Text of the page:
A number of empirical studies on chemistry instructors’ PCK have also contributed to a developing understanding of how to cultivate knowledge for teaching chemistry topics. Mavhunga (2014) demonstrated that explicitly discussing a topic through the five components of TS-PCK and engaging with concepts in the topic improves teachers’ TS-PCK in that topic. The ability to use the five components of TS-PCK is then transferrable to other topics, but these components must be accompanied by successful engagement with the concepts of the new topic if TS-PCK in this new topic is to improve. By identifying the component most accessible to teachers, a possible leverage point can be established in this transfer process (Rollnick and Mavhunga, 2015). This finding aligns with that of Charalambous et al. (2011), who demonstrated that incorporating a high-leverage practice into a prospective teacher training program results in prospective teachers improving in this practice, given that they engage in active reflection. In an investigation of pre-service chemistry teachers’ TS-PCK relating to the particulate nature of matter, knowledge of curricular saliency was identified as the most accessible component to teachers (Rollnick and Mavhunga, 2015). This finding was deemed encouraging given that it provides a potential means of “incrementally building topic-specific professional knowledge across core chemistry and physics topics.” However, in a similar study investigating the TS-PCK of “novice unqualified graduate science teachers” in the particulate nature of matter, learner's prior knowledge was the most accessible component, whereas curricular saliency was much less accessible (Pitjeng, 2014). Learner's prior knowledge was also identified as the most accessible component in a study of pre-service teachers’ TS-PCK in stoichiometry, whereas curricular saliency was identified as the least accessible component (Malcolm, 2015). These findings call into question whether the leverage point for transfer is potentially dependent upon the training of the instructor or the specific topic. Additional investigations of PCK at the topic level are needed to address this uncertainty.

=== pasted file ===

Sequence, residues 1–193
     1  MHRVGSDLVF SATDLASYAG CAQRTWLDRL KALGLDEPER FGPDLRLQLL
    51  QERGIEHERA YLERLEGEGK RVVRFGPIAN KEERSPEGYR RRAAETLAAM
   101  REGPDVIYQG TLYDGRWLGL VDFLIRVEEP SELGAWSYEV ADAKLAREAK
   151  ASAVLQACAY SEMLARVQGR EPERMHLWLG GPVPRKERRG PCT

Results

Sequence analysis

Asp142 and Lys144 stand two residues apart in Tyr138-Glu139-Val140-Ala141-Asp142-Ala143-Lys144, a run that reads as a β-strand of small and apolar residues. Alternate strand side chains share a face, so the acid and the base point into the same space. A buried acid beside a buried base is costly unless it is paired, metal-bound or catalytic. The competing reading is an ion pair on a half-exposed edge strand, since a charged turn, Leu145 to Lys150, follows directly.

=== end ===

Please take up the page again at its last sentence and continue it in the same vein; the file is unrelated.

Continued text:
Methods

A mixed methods approach was used to characterize TS-PCK in 1H NMR spectroscopy among teaching assistants (TAs). As part of this approach, a questionnaire was designed to provide a measure of TAs’ CK and TS-PCK in 1H NMR spectroscopy. Responses to the TS-PCK component of the questionnaire were quantitatively transformed using a rubric and analyzed using the Rasch model (Bond and Fox, 2007). Responses were also qualitatively analyzed to gain a richer understanding of TS-PCK in this topic. Questions were validated using the Rasch model, evaluation by external experts, and cognitive interviews (Collins, 2003). The questionnaire was accompanied by a survey that assessed TA's teaching experience, interest, and background information.

Participants